"That was yesterday morning’s edition of BBC Breakfast. A live programme. You can't make it up. And we don't."

My, my, such an incredible tale, you're right, nobody could make such a story up. Not Shakespeare, not Dickens, not even HG Wells, Jules Verne, or Rod Serling. BBC really tells the most amazing true tales, how lucky we are as BBC's audience to hear these most remarkable sagas. Have you reported this yet to Ripley's Believe it or Not? I'm sure they'll use it...if they believe it.

  • 9.
  • At 11:56 AM on 21 Aug 2007,
  • Richard Morris wrote:

No response to post 1 so I am assuming that the report was not 'live' despite the determined efforts of the reporter to persuade us otherwise. What happens now?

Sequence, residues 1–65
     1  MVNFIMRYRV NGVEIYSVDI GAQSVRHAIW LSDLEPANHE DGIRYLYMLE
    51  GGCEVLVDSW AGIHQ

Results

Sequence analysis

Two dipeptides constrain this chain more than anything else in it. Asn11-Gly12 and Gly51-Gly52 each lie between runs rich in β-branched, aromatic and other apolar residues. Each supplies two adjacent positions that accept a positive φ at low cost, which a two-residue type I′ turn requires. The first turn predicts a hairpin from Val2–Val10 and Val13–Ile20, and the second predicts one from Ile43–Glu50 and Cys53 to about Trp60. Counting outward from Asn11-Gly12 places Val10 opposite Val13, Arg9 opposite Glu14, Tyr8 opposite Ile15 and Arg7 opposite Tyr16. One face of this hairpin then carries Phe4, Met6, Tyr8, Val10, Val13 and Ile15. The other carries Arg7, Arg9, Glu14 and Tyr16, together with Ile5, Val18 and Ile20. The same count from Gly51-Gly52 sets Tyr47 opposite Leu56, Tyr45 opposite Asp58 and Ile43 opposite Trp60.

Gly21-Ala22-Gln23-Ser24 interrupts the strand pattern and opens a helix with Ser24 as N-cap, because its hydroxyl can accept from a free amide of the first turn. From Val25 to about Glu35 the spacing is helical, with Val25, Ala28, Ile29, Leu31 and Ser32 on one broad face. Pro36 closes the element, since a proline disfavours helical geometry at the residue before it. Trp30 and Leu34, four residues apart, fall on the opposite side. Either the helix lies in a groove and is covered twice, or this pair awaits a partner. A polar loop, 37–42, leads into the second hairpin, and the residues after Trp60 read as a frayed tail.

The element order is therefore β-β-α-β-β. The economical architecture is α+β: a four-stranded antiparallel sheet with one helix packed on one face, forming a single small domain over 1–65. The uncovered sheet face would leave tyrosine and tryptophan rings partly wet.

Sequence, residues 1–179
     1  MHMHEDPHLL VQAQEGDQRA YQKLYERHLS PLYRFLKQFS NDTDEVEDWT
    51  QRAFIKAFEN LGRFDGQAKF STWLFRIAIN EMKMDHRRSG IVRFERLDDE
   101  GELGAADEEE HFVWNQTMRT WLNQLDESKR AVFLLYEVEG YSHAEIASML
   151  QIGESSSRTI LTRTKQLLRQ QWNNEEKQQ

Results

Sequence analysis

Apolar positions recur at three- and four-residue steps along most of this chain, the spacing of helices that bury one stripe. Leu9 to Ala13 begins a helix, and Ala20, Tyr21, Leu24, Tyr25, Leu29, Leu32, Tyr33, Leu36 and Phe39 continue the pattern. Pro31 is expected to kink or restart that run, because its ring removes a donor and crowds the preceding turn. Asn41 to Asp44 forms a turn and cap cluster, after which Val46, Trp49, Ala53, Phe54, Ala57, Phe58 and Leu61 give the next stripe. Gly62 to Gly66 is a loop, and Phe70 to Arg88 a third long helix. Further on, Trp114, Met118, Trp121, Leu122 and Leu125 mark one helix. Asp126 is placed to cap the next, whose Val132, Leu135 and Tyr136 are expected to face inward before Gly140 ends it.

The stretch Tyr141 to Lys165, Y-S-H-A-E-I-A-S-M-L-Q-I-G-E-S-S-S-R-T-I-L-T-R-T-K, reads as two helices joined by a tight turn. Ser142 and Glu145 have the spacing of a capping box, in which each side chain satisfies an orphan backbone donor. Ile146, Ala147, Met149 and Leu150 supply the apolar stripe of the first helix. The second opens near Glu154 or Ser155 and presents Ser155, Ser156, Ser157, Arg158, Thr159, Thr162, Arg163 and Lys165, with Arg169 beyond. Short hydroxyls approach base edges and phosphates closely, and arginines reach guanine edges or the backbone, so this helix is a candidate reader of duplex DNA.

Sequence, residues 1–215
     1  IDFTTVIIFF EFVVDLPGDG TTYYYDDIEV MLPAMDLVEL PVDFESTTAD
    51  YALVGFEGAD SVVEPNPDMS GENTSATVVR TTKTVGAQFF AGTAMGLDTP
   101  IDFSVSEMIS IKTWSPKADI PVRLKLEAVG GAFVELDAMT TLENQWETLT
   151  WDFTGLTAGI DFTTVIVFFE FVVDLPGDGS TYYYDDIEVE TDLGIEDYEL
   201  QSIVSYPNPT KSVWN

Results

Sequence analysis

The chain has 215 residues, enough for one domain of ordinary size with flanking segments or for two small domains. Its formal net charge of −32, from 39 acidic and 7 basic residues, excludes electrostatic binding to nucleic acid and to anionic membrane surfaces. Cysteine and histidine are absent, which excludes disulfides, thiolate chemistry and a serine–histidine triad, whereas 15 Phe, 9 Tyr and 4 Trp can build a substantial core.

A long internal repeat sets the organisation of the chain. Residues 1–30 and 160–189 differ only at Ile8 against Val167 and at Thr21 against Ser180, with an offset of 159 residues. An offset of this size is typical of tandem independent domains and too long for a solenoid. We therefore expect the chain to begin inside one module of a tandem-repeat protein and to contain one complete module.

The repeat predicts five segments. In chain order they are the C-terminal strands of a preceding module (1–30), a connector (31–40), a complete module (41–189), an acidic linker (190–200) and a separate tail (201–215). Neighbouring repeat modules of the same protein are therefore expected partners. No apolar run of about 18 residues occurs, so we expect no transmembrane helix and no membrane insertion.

• 10.
  • At 02:13 PM on 22 Aug 2007,
  • Phil wrote:

So the "news" is A-level results have been released and x% got good grades. As everyone knows that is what is going to happen (as it does every year),why it requires more than 1 minute in the studio is beyond me, and frankly who cares whether it is live or the blonde girl is 25-year-old actress? What difference does it make?

This post is closed to new comments.

BBC © 2014 The BBC is not responsible for the content of external sites. Read more.

This page is best viewed in an up-to-date web browser with style sheets (CSS) enabled. While you will be able to view the content of this page in your current browser, you will not be able to get the full visual experience. Please consider upgrading your browser software or enabling style sheets (CSS) if you are able to do so.